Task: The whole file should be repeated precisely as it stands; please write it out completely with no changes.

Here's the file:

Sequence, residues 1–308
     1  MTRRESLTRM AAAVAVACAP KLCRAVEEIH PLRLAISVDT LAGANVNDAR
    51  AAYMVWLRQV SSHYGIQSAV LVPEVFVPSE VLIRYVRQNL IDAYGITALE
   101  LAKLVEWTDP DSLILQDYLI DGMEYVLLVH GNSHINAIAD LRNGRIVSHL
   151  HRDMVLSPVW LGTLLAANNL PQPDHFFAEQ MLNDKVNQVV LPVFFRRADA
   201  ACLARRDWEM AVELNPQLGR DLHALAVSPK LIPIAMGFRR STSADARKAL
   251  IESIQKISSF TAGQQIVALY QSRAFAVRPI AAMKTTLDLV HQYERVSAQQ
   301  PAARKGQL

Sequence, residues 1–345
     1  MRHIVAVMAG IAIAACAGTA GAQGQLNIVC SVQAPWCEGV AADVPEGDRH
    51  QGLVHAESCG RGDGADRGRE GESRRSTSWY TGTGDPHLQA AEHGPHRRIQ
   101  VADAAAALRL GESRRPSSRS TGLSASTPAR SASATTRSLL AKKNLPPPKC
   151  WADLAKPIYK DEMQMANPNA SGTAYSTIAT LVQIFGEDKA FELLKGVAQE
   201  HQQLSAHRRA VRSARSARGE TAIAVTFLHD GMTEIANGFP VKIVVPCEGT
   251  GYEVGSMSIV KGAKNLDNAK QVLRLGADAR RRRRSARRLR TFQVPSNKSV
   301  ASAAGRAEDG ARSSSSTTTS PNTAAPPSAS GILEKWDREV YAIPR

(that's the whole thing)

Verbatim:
Sequence, residues 1–308
     1  MTRRESLTRM AAAVAVACAP KLCRAVEEIH PLRLAISVDT LAGANVNDAR
    51  AAYMVWLRQV SSHYGIQSAV LVPEVFVPSE VLIRYVRQNL IDAYGITALE
   101  LAKLVEWTDP DSLILQDYLI DGMEYVLLVH GNSHINAIAD LRNGRIVSHL
   151  HRDMVLSPVW LGTLLAANNL PQPDHFFAEQ MLNDKVNQVV LPVFFRRADA
   201  ACLARRDWEM AVELNPQLGR DLHALAVSPK LIPIAMGFRR STSADARKAL
   251  IESIQKISSF TAGQQIVALY QSRAFAVRPI AAMKTTLDLV HQYERVSAQQ
   301  PAARKGQL

Sequence, residues 1–345
     1  MRHIVAVMAG IAIAACAGTA GAQGQLNIVC SVQAPWCEGV AADVPEGDRH
    51  QGLVHAESCG RGDGADRGRE GESRRSTSWY TGTGDPHLQA AEHGPHRRIQ
   101  VADAAAALRL GESRRPSSRS TGLSASTPAR SASATTRSLL AKKNLPPPKC
   151  WADLAKPIYK DEMQMANPNA SGTAYSTIAT LVQIFGEDKA FELLKGVAQE
   201  HQQLSAHRRA VRSARSARGE TAIAVTFLHD GMTEIANGFP VKIVVPCEGT
   251  GYEVGSMSIV KGAKNLDNAK QVLRLGADAR RRRRSARRLR TFQVPSNKSV
   301  ASAAGRAEDG ARSSSSTTTS PNTAAPPSAS GILEKWDREV YAIPR